4.  Not everyone will understand.  People will find a problem.  Friends will still have painful memories that you are trying to get beyond.  Family might be distant.  You might hear things like, “You can’t possibly think you can stay clean and sober.”, or “You will never have a normal family life again.”  Two boys were walking to school when they noticed they were about to be late, which was severely unacceptable.  One boy suggests they stop and pray that they would not be late.  The other one suggests running as fast as possible and pray along the way.  Prayer and work go together.  Faith and action go together.  Nobody else has lived your life.  Nobody else knows the decision to trust in Jesus that you have made like you do.

Overcoming the obstacles we face in life is never easy.  Those obstacles are filled with pain, pride, grief, and tragedy.  However, Jesus offered this man a new life.  He offers you one as well.  These steps to overcoming are a great beginning point.  For further understanding feel free to comment or contact me.

Driving School Steps 1-5

In Chrisian Life on November 7, 2013 at 10:08 am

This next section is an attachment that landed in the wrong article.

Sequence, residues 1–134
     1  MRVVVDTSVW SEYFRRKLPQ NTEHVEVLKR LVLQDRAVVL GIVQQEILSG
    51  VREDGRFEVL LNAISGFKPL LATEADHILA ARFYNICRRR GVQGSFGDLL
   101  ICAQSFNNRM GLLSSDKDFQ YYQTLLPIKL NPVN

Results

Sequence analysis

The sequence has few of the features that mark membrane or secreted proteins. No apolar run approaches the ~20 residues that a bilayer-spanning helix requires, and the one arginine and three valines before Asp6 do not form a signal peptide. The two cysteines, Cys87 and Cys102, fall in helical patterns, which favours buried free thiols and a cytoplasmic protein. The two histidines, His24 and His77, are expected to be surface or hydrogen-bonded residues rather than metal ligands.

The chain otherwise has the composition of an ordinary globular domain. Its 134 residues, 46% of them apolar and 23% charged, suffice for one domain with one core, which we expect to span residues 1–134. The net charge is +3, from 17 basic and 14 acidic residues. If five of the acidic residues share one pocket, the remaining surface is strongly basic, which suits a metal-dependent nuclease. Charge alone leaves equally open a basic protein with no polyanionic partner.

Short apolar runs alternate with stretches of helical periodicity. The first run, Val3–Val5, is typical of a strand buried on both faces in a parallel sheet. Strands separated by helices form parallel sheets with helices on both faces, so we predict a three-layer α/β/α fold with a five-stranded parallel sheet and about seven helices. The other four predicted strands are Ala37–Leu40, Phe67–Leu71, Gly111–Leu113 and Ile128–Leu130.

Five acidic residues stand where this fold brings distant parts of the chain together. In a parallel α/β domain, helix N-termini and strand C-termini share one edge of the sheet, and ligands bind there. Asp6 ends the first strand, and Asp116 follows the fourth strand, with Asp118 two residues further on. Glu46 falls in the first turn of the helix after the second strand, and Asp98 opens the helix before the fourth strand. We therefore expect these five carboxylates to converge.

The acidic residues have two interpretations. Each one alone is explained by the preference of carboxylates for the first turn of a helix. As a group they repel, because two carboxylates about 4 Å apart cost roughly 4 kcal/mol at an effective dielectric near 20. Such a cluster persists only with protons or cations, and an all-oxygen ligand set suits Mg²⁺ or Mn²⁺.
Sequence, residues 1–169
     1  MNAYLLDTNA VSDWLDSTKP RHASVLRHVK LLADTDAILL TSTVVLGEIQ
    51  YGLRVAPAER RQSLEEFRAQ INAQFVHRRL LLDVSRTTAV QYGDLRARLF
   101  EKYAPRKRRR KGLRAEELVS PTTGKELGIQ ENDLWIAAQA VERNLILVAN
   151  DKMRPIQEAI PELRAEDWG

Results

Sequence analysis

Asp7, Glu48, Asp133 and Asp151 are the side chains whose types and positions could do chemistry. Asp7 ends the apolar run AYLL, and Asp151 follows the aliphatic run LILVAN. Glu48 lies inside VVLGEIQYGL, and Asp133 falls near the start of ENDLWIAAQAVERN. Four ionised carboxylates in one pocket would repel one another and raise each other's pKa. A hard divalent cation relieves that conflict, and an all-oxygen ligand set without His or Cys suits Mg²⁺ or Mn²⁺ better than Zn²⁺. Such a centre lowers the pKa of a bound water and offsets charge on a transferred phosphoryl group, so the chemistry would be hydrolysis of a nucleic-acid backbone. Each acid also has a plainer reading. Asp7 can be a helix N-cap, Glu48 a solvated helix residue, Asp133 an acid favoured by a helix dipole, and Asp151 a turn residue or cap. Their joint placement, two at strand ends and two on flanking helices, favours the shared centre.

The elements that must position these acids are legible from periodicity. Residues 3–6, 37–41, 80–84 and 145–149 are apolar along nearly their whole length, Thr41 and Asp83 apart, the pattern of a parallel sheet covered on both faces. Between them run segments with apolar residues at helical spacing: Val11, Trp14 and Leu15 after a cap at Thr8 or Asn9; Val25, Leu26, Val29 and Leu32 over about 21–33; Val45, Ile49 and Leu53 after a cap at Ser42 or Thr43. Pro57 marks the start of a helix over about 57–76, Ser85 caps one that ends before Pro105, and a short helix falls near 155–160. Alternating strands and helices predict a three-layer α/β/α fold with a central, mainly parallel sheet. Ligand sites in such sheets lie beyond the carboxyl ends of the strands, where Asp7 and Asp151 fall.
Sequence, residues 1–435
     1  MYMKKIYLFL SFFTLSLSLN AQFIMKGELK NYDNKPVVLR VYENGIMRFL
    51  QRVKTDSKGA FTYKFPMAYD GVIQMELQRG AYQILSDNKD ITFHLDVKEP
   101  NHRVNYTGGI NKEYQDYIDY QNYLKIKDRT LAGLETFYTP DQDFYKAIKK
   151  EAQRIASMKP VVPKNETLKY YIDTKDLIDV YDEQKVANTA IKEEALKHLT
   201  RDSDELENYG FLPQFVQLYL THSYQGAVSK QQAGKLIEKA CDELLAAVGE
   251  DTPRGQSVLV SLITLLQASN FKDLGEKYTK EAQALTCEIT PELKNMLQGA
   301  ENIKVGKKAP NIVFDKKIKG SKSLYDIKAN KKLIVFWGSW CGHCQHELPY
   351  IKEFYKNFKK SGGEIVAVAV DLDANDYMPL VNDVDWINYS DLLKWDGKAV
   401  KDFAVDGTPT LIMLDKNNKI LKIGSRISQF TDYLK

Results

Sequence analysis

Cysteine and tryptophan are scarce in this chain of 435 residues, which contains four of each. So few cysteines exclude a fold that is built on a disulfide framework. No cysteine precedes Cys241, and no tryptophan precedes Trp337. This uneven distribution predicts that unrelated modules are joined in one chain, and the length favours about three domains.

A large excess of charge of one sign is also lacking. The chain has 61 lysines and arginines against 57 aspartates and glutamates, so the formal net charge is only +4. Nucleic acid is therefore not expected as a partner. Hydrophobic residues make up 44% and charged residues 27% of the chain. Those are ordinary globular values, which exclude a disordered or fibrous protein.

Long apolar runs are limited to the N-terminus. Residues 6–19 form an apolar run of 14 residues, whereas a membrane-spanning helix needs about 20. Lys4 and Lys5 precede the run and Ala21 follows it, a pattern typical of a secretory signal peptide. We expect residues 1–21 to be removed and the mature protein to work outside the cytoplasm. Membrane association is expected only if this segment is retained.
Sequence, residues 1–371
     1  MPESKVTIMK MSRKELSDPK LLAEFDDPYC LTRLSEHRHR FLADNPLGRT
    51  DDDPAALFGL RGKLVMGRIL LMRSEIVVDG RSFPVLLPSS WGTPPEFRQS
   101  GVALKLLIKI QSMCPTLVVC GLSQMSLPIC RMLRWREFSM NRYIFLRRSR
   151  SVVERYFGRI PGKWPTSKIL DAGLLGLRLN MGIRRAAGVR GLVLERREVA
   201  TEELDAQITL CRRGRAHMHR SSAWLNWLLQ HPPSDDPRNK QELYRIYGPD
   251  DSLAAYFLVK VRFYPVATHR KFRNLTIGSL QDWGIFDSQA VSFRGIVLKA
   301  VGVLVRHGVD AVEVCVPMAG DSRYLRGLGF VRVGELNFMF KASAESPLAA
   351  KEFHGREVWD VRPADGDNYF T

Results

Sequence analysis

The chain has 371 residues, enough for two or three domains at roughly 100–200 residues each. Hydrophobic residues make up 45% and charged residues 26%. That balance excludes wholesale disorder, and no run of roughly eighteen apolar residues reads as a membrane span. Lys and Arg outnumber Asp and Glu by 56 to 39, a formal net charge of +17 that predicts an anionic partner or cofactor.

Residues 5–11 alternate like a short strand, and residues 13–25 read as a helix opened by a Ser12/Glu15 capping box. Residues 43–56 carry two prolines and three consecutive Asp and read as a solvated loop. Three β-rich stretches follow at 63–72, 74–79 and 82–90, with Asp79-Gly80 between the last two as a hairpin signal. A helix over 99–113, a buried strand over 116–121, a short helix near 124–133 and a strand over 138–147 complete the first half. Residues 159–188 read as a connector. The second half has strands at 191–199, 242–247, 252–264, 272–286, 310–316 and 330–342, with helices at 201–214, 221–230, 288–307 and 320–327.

Every year, the Royal Ambassadors (Boys 1st-6th Grade) in many churches engage in the pinewood derby.  The actual race is only a portion of the whole process of what I call “Driving School”.  It is my belief that if we are going to take a good chunk of class time there should be something of significance given to the boys.  Of course, the hands-on is important.  The ability to draw out the vision, sanding, and painting are good and useful things to know.  The following is something I have developed to give as  devotions to the boys after each part of the process.

1.  Block of Wood (Genesis 1-2) – This block of wood did not magically appear.  It came from a Pine tree that was created by the One True God.  His hands formed and shaped the tree that would produce this block of wood.  You did not magically appear.  You were created by God and incubated in your Mother for 9 months.  There is much promise in both items!

2.  Design (Jeremiah 1:5) – We start out in the Pinewood Derby by remembering what we are trying to accomplish.  Every boy needs to have a purpose for what they are doing.  Without a purpose in mind, boys will find a way to digress into chaos!  Some boys want to win the local, regional, or state races.  Some boys want a particular looking car without regard to winning.  Either way, each boy begins with a purpose in mind when designing the car.  You have a purpose.  God knew all about you before you were born.  He has a purpose, a reason, for which He designed you: Doctors, Engineers, Teachers, Leaders, Athletes, Missionaries, Preachers, and more.  Every boy has a unique design given by God.